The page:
North Philippines District Council 51

   DIOCESAN Bishop James G. Rodges


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North Philippines, 51 st Episcopal of the Pentecostal Assemblies of the World,
Inc., Bishop James C. Rodges, Diocesan

Suffragan Bishop  James G. Rodges, is a vibrant, bold, enigmatic, and captivating minister of the 21st century. He is the Pastor of Jonesville Baptist Church of the P.A. of W. His ministry has blessed others as he travels nationally and internationally. His television ministry, Jonesville-Rhema ministries, is aired weekly in Savannah, Georgia.  

Driven by a genuine love for people, Pastor Rodges has blended Jonesville into a multicultural experience.  Since becoming pastor of Jonesville in 1988, the membership has grown at such a rapid rate that a new building had to be erected in 2000.  Also, an expansion project called Phase 2 was completed in 2004.

Bishop Rodges and his wife, Phyllis Frazier Rodges, have been married for more than 24 years.  They have four children, Jordan Megan, James Gregory, Joshua Peterson, and Johanna Caitlyn.

Pastor Rodges has obtained a bachelor’s degree in Industrial Technology from Mississippi Valley State University and most recently a Master of Arts degree in Biblical Studies from Trinity College of the Bible and Theological Seminary.

About the Country and Its Unique Characteristics and Challenges:
The Philippine Islands became a Spanish colony during the 16th century; they were ceded to the US in
1898 following the Spanish-American War. In 1935 the Philippines became a self-governing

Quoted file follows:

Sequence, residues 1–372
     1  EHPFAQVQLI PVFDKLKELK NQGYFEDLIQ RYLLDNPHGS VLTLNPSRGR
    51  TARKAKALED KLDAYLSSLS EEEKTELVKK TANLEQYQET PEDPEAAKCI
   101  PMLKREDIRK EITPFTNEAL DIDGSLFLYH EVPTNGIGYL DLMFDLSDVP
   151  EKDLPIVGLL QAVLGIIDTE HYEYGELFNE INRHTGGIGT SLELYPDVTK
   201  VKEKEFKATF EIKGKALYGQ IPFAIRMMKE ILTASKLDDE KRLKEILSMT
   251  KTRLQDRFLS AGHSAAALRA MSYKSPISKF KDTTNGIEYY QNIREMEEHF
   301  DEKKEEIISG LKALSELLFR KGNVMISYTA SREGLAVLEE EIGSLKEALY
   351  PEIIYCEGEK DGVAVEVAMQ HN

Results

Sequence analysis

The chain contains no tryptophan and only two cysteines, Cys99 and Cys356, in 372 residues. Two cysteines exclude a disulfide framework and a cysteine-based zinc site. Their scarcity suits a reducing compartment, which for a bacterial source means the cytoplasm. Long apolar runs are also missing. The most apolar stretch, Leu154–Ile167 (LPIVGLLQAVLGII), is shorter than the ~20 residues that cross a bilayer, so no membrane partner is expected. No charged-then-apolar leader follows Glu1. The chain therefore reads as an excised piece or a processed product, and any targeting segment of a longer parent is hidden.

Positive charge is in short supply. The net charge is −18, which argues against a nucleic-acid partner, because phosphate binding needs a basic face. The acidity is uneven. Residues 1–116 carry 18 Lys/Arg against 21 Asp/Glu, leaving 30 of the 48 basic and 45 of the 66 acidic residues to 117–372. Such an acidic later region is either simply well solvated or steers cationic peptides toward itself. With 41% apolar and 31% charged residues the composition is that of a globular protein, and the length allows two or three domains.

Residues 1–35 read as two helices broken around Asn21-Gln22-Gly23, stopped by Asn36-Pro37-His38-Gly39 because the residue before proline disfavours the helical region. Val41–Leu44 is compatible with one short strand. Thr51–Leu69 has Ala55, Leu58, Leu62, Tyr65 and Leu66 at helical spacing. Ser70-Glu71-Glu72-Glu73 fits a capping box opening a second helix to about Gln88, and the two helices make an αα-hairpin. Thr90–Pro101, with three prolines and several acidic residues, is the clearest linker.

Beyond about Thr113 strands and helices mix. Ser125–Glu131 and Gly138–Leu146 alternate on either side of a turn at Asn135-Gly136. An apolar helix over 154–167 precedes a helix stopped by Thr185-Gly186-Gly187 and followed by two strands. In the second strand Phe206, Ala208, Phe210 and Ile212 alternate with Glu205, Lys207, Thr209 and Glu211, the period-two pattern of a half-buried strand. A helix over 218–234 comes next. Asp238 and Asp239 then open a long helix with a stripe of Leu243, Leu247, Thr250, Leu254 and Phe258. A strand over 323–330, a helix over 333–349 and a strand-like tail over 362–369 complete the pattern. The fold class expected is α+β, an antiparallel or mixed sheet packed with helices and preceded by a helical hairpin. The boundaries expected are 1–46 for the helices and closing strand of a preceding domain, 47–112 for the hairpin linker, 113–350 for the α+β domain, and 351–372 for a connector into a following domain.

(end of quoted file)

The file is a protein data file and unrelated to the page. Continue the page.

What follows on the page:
commonwealth. Manuel QUEZON was elected president and was tasked with preparing the country for
independence after a 10-year transition. In 1942 the islands fell under Japanese occupation during

World War II, and US forces and Filipinos fought together during 1944-45 to regain control. On 4 July
1946 the Republic of the Philippines attained its independence.
Although the economy grew at a rapid pace under the AQUINO government, challenges to achieving
more inclusive growth remain. Wealth is concentrated in the hands of the rich. The unemployment rate
declined from 7.3% to 5.7% between 2010 and 2017; while there has been some improvement,
underemployment remains high at around 17% to 18% of the employed population. At least 40% of the
employed work in the informal sector. Poverty afflicts more than a fifth of the total population but is as
high as 75% in some areas of the southern Philippines. More than 60% of the poor reside in rural areas,
where the incidence of poverty (about 30%) is more severe - a challenge to raising rural farm and non-
farm incomes. Continued efforts are needed to improve governance, the judicial system, the regulatory
environment, the infrastructure, and the overall ease of doing business.